Melbourne makes the case for piloting Cadmus academic honesty software

The University of Melbourne is piloting the Cadmus Assessment System, software which tracks typing and detects work not typed by the person logged in, which makes it “a protected authoring environment for student assignments.”

But people are not happy, with the university’s student union circulation a petition opposing the pilot as intrusive. However, DVC Academic Richard James makes the case that something must be done to protect academic standards, “Australian universities lack a robust means of detecting contract cheating.  This is a threat to the integrity of university assessment that cannot be ignored.”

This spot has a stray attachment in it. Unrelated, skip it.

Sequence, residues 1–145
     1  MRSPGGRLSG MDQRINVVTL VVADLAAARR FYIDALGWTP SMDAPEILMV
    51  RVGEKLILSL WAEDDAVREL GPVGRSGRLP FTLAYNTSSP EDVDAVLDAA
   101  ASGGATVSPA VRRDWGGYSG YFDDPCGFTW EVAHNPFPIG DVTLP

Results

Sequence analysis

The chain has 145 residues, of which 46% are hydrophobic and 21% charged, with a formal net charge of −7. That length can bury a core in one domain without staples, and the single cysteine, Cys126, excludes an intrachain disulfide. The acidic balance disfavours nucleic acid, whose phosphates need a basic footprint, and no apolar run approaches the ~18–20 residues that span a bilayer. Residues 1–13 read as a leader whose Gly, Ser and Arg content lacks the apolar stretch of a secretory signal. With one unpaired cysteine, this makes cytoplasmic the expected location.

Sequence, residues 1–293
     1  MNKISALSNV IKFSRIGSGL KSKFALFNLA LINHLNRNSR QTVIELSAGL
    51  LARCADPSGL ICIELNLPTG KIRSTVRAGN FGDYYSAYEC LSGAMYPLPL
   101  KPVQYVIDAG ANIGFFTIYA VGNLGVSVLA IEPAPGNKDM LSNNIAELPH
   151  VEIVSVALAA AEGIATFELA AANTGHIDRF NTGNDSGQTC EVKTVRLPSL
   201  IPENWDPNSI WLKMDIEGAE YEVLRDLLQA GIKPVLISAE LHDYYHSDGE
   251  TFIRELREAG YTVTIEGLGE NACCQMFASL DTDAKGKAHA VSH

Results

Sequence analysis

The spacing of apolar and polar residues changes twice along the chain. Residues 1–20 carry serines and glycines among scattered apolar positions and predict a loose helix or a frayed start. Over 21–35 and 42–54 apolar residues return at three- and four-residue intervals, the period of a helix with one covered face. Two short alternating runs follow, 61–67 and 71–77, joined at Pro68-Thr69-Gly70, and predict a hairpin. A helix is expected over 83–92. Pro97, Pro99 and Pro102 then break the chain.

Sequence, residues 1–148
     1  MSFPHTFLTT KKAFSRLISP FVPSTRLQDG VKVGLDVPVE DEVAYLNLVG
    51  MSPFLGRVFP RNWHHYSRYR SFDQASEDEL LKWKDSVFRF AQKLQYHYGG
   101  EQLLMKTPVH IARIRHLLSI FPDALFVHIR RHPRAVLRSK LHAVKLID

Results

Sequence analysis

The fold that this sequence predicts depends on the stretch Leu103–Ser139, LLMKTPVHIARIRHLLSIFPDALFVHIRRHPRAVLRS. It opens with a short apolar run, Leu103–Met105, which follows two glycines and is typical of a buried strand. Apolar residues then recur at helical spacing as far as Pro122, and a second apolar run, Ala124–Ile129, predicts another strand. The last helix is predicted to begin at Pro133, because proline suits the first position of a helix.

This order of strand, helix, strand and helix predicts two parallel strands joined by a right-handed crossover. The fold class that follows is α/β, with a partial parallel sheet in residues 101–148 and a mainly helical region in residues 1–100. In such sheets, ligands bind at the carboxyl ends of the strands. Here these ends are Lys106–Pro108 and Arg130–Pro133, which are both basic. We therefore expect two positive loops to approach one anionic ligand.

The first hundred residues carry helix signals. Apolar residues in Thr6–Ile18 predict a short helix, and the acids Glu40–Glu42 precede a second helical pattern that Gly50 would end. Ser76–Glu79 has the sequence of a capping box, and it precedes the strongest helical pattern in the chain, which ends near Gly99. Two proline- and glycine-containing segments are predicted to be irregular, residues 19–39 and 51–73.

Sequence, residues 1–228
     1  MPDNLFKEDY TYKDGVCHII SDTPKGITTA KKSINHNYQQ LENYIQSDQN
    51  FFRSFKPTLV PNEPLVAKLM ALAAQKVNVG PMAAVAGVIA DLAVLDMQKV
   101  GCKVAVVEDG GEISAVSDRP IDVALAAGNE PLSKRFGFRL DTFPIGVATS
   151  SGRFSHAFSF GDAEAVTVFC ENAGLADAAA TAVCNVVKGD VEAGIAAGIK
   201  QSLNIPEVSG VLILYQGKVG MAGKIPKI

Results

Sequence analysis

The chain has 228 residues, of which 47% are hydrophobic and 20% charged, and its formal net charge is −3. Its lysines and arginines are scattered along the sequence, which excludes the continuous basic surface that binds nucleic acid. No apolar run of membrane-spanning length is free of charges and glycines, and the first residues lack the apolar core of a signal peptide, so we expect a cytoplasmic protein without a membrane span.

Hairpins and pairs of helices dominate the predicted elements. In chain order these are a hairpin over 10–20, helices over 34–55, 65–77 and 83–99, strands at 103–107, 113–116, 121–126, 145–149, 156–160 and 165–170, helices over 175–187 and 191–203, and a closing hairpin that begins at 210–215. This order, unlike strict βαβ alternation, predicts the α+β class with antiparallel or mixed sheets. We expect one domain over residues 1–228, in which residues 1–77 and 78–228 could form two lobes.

But while, Cadmus “shows promise in identifying authentic, original work,” Professor James says “there are presently no plans for its implementation across the university. The university has an ongoing working group on academic integrity, comprising staff and students, to continue to monitor all aspects of academic integrity and to try to reduce the small minority of students who cheat.”


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